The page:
Independent (Dublin), March 25 2010
Women and children seeking asylum are living in overcrowded and outdated centres where they fear for their safety and face intimidation and racism, it was claimed.
An African women’s group maintained residents are sexually harassed and are in fear of private management firms who control the country’s 52 reception centres.
Salome Mbugua, of AkiDwA, which means sisterhood in swahili, said there was a feeling a helplessness and hopelessness among mothers, and called on Government to take more responsibility over the running of the units.
“The safety and security of women and their children is paramount,” Ms Mbugua said.
AkiDwA said almost 3,000 women and young girls live in reception centres while their application for asylum is being processed–some for up to six years.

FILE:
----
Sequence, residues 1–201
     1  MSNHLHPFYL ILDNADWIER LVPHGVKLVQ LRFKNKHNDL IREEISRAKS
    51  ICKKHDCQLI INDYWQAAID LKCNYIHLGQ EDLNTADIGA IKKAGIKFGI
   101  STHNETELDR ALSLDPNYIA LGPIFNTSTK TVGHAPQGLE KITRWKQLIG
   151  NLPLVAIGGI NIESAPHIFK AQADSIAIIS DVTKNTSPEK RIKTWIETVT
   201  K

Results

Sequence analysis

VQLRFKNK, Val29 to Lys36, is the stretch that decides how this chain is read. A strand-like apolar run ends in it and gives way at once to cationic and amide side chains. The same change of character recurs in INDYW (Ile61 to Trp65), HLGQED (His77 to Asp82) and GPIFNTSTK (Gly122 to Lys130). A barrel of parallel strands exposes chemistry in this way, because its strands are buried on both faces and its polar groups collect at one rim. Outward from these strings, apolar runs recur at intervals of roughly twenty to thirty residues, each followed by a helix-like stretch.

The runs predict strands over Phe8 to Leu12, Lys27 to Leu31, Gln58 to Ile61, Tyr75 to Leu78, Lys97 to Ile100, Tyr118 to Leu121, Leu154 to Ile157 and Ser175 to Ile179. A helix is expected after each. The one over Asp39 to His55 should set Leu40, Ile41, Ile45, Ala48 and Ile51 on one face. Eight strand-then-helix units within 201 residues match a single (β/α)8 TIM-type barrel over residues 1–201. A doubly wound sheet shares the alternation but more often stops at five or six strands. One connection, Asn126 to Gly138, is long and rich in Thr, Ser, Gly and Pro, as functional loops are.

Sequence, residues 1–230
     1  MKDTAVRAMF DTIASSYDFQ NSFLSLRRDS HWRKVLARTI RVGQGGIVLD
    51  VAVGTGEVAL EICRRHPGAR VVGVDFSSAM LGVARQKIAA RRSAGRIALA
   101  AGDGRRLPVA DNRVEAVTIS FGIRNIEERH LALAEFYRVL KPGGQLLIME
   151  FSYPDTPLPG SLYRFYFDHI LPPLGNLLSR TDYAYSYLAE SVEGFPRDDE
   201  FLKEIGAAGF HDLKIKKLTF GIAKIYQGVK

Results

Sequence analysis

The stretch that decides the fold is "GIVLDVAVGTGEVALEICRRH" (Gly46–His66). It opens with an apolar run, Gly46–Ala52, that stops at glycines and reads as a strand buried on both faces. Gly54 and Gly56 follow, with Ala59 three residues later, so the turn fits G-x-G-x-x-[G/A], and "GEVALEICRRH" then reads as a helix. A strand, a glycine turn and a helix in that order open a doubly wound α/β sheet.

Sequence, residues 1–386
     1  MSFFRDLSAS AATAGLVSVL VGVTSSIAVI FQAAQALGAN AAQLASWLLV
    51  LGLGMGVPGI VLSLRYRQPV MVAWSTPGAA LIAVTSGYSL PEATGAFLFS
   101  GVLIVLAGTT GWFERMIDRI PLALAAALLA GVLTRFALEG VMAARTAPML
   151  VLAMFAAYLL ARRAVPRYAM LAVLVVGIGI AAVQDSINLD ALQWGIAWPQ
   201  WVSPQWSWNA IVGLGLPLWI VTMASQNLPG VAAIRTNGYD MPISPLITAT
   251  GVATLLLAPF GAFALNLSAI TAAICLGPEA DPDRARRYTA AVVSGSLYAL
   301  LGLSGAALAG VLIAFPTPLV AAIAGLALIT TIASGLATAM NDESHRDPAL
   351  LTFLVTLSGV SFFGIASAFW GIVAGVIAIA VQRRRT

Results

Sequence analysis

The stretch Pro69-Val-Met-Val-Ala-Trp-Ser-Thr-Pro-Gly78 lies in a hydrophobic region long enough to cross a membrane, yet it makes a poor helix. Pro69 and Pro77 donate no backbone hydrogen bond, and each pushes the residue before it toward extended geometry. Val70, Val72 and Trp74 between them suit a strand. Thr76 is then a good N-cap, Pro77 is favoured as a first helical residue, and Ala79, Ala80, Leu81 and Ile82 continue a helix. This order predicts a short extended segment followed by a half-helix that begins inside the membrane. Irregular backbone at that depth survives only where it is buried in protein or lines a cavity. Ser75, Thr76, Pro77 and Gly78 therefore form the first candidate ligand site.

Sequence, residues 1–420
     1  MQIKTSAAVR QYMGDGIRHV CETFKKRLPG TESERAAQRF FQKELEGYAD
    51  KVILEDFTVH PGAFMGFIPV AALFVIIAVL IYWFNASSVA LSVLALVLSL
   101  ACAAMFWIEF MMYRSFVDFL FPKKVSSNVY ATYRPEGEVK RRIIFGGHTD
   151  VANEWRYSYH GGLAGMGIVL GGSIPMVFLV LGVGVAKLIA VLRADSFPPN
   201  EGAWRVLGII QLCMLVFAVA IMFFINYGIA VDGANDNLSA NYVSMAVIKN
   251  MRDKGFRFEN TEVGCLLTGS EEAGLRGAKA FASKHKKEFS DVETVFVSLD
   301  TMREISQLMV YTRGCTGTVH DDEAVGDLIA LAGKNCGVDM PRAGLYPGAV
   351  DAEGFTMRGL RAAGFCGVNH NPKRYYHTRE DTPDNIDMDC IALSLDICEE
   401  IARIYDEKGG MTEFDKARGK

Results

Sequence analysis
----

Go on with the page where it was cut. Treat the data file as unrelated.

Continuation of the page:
The agency’s new report on conditions highlighted a lack of appropriate staffing, training and Garda vetting.
The study–Am Only Saying It Now–also revealed long stays in centres had a huge impact on the physical and mental health of women and children.
The Justice Department’s Reception and Integration Agency (RIA) is responsible for co-ordinating the provision of services to both asylum seekers and refugees, with the running contracted to private management firms.
Ms Mbugua recommended Government has an independent audit of its policy on direct care provision, require all centre staff undergo mandatory training and Garda vetting, and create a transparent, independent and confidential complaints mechanism.
Catherine Joyce, of children’s charity Barnardos, said she was concerned about the impact the direct provision system is having on children.